There’s no question that death is a part of life. One of the things that allow us to survive as people is the fact that we’re not wired to contemplate death and what comes next, on a minute to minute basis. If we did, we’d accomplish nothing in life as we’d succumb to the feeling that there’s no point. Considering everything happening in the world right now, fate occasionally reminds us that the typical come and go of life is still ongoing; including the passing of lives. I found out yesterday that my Uncle Richard passed away from cancer.
My mother was born as the second of seven children. Richard was not the oldest; in fact, he was among the youngest. Father, grandfather and husband, he was diagnosed with cancer quite some time ago. In recent decades, cancer has practically become the new “natural death,” with so many people developing one type or another. Most members of my family on my mother’s side have overcome cancer at some point, including my grandfather with prostate cancer, my mother with skin cancer and her older sibling who survived what was referred to as terminal.
You could say that the genes on my mother’s side seem to have a way of kicking cancer’s ass. That’s why it came as a surprise when my mother recently told me that Richard was on the final leg of his journey in this life, succumbing to the ravages that cancer brings. It came as a surprise for me since, last I’d heard, he was in remission and was overcoming it. Some weeks had passed before my mother phoned me yesterday afternoon to deliver the bad news. With both of my grandparents already gone, my mother is the de facto matriarch and was busy contacting all the members of the family. I don’t envy her that responsibility.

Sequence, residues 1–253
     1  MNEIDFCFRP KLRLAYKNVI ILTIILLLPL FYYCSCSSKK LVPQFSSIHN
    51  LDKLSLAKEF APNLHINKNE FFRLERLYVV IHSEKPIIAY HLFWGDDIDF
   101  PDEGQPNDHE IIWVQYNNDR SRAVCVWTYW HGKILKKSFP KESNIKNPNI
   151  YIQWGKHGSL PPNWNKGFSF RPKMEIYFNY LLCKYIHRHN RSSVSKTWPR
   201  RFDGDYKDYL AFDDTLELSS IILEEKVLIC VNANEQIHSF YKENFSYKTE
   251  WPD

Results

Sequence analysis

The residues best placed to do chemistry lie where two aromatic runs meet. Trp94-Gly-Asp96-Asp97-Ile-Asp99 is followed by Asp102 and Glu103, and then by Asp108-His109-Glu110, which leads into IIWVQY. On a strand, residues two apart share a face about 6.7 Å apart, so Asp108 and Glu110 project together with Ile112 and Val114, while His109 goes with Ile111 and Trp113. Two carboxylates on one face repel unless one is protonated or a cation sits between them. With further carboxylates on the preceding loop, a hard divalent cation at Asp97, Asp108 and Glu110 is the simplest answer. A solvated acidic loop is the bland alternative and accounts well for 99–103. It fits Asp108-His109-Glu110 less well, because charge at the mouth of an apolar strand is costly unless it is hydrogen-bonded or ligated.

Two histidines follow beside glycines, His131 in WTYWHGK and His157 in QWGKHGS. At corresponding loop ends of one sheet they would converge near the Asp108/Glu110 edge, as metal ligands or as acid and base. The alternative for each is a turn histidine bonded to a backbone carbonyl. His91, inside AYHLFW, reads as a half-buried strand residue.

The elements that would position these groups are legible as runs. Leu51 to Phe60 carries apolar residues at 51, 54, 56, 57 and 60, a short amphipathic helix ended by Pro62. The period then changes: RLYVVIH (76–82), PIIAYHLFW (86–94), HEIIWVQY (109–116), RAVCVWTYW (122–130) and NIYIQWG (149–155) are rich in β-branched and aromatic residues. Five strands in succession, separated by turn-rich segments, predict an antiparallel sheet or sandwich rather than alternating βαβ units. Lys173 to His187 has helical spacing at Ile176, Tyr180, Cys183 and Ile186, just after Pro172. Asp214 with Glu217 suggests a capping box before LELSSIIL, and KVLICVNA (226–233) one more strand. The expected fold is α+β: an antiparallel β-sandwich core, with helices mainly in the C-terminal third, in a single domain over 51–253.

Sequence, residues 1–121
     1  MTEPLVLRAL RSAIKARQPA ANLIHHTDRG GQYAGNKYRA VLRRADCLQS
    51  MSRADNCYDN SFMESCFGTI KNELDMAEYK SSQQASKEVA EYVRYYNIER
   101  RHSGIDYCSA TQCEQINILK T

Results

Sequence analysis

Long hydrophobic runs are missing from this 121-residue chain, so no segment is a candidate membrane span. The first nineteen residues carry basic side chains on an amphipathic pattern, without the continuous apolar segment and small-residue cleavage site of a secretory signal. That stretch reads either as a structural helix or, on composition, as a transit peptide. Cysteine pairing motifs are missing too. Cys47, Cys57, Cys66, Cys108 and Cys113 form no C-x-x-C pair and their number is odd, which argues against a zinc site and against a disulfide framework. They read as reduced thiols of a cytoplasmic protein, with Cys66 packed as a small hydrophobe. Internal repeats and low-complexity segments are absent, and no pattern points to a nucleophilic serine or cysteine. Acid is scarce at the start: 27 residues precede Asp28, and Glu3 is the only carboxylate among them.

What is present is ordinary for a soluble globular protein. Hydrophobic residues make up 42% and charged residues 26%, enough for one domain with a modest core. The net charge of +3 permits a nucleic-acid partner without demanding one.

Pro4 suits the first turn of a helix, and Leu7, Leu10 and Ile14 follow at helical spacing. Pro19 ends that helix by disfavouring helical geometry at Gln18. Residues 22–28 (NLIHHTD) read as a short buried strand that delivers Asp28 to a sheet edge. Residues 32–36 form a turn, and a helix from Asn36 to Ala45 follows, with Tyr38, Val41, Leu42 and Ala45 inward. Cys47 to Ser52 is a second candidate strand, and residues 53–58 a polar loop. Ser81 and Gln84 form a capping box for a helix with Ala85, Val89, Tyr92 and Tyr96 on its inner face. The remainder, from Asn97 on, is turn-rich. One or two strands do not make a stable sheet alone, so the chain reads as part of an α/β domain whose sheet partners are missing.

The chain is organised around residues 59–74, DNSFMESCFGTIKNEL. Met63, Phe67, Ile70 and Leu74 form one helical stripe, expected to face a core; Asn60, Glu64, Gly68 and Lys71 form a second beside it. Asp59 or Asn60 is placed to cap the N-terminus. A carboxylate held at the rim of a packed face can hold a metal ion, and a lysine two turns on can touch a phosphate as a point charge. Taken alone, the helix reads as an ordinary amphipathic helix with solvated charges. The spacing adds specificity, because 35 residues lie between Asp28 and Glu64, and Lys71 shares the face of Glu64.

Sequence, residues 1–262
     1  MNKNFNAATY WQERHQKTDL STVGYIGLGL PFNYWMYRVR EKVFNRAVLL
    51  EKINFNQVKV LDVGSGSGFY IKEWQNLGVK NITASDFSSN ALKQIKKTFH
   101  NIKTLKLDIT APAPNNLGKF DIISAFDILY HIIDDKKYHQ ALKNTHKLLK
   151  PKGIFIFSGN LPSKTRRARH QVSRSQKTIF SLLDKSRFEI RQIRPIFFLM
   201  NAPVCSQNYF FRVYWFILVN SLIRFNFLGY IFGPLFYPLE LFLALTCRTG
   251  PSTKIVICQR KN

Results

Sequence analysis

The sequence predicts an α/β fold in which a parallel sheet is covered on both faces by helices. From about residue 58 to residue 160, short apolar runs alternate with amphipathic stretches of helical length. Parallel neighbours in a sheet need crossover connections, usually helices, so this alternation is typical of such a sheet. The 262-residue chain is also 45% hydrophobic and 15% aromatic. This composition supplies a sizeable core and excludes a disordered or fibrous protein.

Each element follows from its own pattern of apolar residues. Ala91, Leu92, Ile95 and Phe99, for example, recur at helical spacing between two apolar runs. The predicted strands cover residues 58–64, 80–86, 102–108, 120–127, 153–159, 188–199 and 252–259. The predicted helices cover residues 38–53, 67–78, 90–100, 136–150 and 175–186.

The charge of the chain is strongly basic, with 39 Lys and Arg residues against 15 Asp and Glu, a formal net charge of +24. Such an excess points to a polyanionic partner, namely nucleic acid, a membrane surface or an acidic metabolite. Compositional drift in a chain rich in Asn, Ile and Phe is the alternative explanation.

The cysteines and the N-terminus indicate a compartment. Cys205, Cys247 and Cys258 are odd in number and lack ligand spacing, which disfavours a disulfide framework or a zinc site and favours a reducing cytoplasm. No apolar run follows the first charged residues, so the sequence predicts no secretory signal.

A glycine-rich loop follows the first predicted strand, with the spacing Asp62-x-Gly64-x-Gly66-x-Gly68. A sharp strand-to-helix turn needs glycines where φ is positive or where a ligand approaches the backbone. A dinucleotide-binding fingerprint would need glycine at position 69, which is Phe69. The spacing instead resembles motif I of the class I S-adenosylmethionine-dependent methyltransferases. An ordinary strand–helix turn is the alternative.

Richard’s passing has brought a strange shift in dynamic in the family. I’ve recognized for years that I’ve reached a point in my existence where life has started taking away at LEAST as much as it has given. But Richard finds himself as the first one in my family of his generation to pass; a sobering reminder that they’ve potentially reached the point in life where death has become an inevitable consideration. Don’t get me wrong; adults in general have an awareness of death and acknowledge its existence and possibility. But my mother and her siblings are now aware that death has touched them. And as the old saying suggests, the only thing one can’t avoid in life are taxes and death.
Considered to have been a bit of a rebel within the family, he’s always had a soft spot for his family and cared for all of us. I’ve tried my best since yesterday to try and find a photograph of him. No luck. Oh, I’m sure I have a photo of him in a dusty album in my barrack boxes. But nothing in recent years. This is a wake up call for me. Especially since I’ve lived in Saskatchewan for the past fifteen years and he lived in Alberta. We totally would have been in a position to see each other more. Although I make my best to live life without regrets, I can say with firm honesty that realizing I’ll never have the opportunity or took it when I had the chance, is one of them.
Hug your family close and appreciate the time you have with them. Life is short and there’s no guarantee that you’ll know them in the next life. With all the chaos currently happening in the world, more people are losing loved ones than should be. Rest in peace, Uncle Richard. I’ve known pain and sickness all my life but I’m sure yours was worse. Peace and rest are yours, now. I’m sure my brother will greet you at the door. ❤️🙏☯️